This school principal who reads bedtime stories online to her students is what they mean by an 'everyday hero.'

Reading aloud is good for kids. This principal is going above and beyond to make it happen for her students.

The benefits of reading is well-documented, especially for growing children. Books help build vocabulary, foster empathy, increase attention spans, and teach kids to think critically.

But some kids, especially in low-income households, may not have easy access to books or have caregivers who are able to read to them regularly. That's a problem. It's hard for kids to develop a love of reading without lots of exposure to books. And without the benefits that regular reading can offer, the educational gap for kids in low-income households just grows wider.


Principal Belinda George, a first-year principal at Homer Drive Elementary in Beaumont, Texas, has many low-income students under her charge. And in a simple, unique way, she's trying to make sure they all get the gift of reading.

Dr. George reads aloud to students in the evening—in her pajamas—during "Tucked-in Tuesdays."

According to the Washington Post, the 42-year-old principal opens up Facebook Live on her phone at 7:30pm on Tuesdays for a read-aloud session she called "Tucked-in Tuesdays." Snuggled up in her jammies—which include a Cookie Monster onesie (me wants one!)—George reads a book aloud to whatever students can be online for storytime. She started Tucked-in Tuesdays in December, and it's a hit.

“Kids will come up to me Wednesday and say, ‘Dr. George, I saw you in your PJs reading!,” she told the Post. “They’ll tell me their favorite part of the book.” Students will often go try to find the book she read them at the school library. People outside of the school district, and even outside of Texas, have started tuning in for bedtime stories with the principal.

Her love of kids motivates her to take the time to bring something extra to their lives outside the classroom.

George doesn't have any kids of her own, and she uses her story time to connect with her students whom she refers to as her children.

"The idea came from a Facebook group called Principal Principles Leadership Group," George told TODAY. "And from the fact that I absolutely love my children."

George told the Post that if she doesn't reach them outside of school, she knows she won't be able to reach them in school. Tucked-in Tuesdays are a way for her to build bonds with students and families while also fostering a love of books. She greets students by name as they tell her they're watching, and she asks questions to keep the story time interactive.

Educators like Dr. George can make a huge difference in students' lives.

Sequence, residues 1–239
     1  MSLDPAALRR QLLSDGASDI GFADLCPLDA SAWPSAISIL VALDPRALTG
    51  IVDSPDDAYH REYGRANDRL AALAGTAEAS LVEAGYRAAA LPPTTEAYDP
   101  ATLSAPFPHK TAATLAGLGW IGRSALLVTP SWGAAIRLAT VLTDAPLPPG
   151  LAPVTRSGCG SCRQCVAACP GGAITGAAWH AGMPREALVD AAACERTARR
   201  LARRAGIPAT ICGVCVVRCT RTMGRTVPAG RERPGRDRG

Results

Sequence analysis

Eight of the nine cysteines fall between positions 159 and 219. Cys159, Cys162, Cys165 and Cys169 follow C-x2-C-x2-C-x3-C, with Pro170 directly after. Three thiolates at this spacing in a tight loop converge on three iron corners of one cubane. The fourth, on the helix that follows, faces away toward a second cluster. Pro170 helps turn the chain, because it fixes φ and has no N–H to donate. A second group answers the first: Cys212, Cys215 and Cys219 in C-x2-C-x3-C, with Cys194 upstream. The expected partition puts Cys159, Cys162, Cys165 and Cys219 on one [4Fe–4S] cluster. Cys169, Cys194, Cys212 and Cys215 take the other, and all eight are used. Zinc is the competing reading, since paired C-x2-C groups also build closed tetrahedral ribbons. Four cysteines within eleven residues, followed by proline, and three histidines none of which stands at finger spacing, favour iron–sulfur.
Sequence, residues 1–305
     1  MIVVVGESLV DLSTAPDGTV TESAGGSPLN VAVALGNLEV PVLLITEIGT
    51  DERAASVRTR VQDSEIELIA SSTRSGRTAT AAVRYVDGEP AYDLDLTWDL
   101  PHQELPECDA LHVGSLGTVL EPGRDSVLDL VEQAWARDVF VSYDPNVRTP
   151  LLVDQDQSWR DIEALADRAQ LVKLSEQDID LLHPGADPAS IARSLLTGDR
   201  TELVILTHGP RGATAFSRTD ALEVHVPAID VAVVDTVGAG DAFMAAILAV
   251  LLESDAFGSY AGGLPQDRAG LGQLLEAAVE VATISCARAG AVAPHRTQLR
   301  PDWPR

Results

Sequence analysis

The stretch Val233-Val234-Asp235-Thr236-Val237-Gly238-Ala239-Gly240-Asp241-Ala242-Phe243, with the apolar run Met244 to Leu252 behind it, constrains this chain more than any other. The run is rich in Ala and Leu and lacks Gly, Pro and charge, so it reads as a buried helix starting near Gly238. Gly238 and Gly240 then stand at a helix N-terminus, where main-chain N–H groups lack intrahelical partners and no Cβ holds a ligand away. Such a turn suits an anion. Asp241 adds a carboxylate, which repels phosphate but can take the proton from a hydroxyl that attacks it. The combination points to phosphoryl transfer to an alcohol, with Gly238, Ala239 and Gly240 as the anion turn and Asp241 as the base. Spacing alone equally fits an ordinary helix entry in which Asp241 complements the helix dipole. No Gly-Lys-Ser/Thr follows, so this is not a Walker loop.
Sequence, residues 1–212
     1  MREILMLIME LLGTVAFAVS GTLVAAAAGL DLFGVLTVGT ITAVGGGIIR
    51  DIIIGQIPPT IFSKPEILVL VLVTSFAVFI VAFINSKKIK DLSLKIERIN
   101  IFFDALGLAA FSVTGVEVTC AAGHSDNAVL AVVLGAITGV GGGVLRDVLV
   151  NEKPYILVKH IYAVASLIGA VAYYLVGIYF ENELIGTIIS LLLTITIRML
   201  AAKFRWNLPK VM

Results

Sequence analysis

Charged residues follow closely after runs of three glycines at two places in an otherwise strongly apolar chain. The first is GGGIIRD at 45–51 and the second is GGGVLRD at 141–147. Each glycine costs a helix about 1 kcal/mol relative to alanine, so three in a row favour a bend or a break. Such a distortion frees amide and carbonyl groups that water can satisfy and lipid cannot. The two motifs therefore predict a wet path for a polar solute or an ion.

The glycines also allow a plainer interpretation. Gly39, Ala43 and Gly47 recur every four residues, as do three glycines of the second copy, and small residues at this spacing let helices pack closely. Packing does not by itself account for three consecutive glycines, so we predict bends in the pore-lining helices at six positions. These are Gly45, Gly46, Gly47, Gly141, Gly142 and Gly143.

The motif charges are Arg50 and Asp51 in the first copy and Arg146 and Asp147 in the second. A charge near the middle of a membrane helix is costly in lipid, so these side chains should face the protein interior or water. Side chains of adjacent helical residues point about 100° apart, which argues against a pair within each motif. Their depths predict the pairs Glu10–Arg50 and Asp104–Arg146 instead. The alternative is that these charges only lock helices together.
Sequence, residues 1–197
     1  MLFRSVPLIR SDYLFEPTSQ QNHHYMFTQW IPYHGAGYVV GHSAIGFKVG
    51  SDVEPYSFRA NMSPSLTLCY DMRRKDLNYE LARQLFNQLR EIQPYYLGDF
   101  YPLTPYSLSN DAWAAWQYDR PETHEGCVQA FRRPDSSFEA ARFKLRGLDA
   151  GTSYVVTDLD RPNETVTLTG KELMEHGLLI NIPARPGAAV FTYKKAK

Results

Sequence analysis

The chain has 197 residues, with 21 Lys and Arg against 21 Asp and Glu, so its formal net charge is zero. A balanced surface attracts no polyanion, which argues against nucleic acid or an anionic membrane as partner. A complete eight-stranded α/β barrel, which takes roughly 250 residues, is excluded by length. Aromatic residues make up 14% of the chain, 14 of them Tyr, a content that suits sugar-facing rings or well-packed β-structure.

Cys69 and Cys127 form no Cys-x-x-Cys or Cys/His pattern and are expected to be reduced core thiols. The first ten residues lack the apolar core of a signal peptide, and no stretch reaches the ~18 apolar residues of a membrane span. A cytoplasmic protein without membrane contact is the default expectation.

All of us have special teachers, librarians, or other adults in school who influenced us with their beyond-the-call-of-duty care. What a wonderful memory these young scholars will have for the rest of their lives, and what a great way for them to build positive bonds with an authority figure in their lives.

George told the post that she does anything she can to build relationships with her students, including twice weekly dance parties. “If a child feels loved they will try," she said.

Check out Principal George reading "Clark the Shark" in her Cookie Monster PJs:

Clark the Shark and the Big Book ReportReading Level: 2.5AR Points: 0.5

Posted by Homer Drive Elementary on Tuesday, February 19, 2019
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On an old episode of "The Oprah Winfrey Show" in July 1992, Oprah put her audience through a social experiment that puts racism in a new light. Despite being nearly two decades old, it's as relevant today as ever.

She split the audience members into two groups based on their eye color. Those with brown eyes were given preferential treatment by getting to cut the line and given refreshments while they waited to be seated. Those with blue eyes were made to put on a green collar and wait in a crowd for two hours.

Staff were instructed to be extra polite to brown-eyed people and to discriminate against blue-eyed people. Her guest for that day's show was diversity expert Jane Elliott, who helped set up the experiment and played along, explaining that brown-eyed people were smarter than blue-eyed people.

Watch the video to see how this experiment plays out.

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Cadbury has removed the words from its Dairy Milk chocolate bars in the U.K. to draw attention to a serious issue, senior loneliness.

On September 4, Cadbury released the limited-edition candy bars in supermarkets and for every one sold, the candy giant will donate 30p (37 cents) to Age UK, an organization dedicated to improving the quality of life for the elderly.